The point isn't whether Swartz got a raw deal, or otherwise, it is the conflation and equivocation of the headline that one is evidence of criminality (which is it) so the other should be as well or the world jus' ain't not fairs. Its an argument that works on 14 year olds. I mean, if there was a way to sell this sort of outrage to 14 year olds, a journalist could get mildly
retepslluerb at June 13th, 2014 10:27 — #7
'xactly Typically overzealous Doctorow headline, which does a disservice to Swartz, imho, because the repudiation of the analogy could be interpreted as support for the original claim. It doesn't, but shady tactics never cast a good light on the user.
This is exactly like the NSA claiming innocence by twisting the wording beyond a breaking point.
boundegar at June 13th, 2014 11:49 — #8
You know what else is a notable irony? That notable ironies don't bring back the dead.
tachin1 at June 13th, 2014 12:32 — #9
I've never heard anybody claim Swartz was blameless, just that he was treated unfairly, yet the straw man that is constantly presented, is the same one you're using right now.
Is MAC spoofing wrong in and of itself? No. Then MACspoofing is no more evidence of criminality than owning a gun. (which is what Cory wrote)
If you own a gun, you CAN use it for crime, and if you do, you can get charged for it, but owning said gun is not evidence in and of itself that anything you have done has criminal intent.
There was someone else, not too long ago who was "accused" of using a nefarious tool called wget. this was presented as evidence of hacking the same way that MAC spoofing was used with Swartz.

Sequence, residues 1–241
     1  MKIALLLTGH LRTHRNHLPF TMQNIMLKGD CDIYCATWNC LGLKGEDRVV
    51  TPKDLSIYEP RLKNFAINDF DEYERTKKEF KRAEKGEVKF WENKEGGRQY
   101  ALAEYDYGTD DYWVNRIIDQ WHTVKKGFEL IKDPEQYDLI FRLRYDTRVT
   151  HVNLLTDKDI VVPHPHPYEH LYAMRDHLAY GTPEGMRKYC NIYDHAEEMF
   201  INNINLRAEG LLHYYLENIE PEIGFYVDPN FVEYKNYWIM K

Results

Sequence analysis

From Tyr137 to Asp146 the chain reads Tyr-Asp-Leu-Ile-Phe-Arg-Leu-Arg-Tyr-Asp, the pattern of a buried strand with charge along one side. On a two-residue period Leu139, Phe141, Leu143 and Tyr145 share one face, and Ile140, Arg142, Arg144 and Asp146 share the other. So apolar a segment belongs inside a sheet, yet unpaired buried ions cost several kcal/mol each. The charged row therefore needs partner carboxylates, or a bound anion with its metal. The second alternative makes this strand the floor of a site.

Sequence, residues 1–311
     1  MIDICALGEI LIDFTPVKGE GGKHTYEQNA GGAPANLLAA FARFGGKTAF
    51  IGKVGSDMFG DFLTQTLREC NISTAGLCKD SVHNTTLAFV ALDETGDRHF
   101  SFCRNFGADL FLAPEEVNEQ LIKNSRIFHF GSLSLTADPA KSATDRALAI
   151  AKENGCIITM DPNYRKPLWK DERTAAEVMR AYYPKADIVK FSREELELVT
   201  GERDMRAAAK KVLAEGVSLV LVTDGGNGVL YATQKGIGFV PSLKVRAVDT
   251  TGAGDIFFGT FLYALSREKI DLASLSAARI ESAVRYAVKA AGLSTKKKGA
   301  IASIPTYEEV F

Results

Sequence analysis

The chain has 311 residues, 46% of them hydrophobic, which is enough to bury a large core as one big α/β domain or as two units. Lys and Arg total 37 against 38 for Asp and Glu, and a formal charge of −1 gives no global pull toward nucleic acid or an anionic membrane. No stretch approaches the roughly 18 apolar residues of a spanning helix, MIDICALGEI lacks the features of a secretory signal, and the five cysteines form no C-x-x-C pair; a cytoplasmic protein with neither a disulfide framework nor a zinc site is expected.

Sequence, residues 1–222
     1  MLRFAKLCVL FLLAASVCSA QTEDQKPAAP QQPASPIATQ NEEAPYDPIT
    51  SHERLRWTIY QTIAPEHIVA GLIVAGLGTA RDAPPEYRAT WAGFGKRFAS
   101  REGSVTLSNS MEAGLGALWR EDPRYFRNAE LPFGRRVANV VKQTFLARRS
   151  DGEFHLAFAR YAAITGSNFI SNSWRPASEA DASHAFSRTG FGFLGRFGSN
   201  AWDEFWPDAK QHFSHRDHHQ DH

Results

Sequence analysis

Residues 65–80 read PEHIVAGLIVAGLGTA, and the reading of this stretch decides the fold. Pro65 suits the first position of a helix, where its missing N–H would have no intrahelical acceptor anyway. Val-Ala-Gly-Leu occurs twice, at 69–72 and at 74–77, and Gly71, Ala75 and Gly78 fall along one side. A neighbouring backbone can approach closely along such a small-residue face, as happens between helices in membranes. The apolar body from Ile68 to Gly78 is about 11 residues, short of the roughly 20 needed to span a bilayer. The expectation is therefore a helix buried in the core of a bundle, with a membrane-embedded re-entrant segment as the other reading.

The prosecution did not need to charge him with MAC spoofing, and they didn't, they just tried to drum up the charges as much as possible in as unfair a manner as possible.
To be clear, this is what you are defending right now, aren't you? Your point is to say that he deserved the treatment he got?
Because nobody here is defending his innocence, its too late for that, Cory wrote "When Aaron Swartz did it, it was evidence of criminality", which is a direct comment on how his trial was grossly unfair.
His trial wasn't fair, the charges weren't fair, therefore the sentence he was faced with was unfair, The way he was treated ensured that even if he was 100%, without a doubt, guilty of something, he would not be charged with it and justice would not have been served.
And this is what you are defending with your straw man.
Go ahead, say he was guilty, and of what, please, but go ahead, here's the link to the wikipedia article: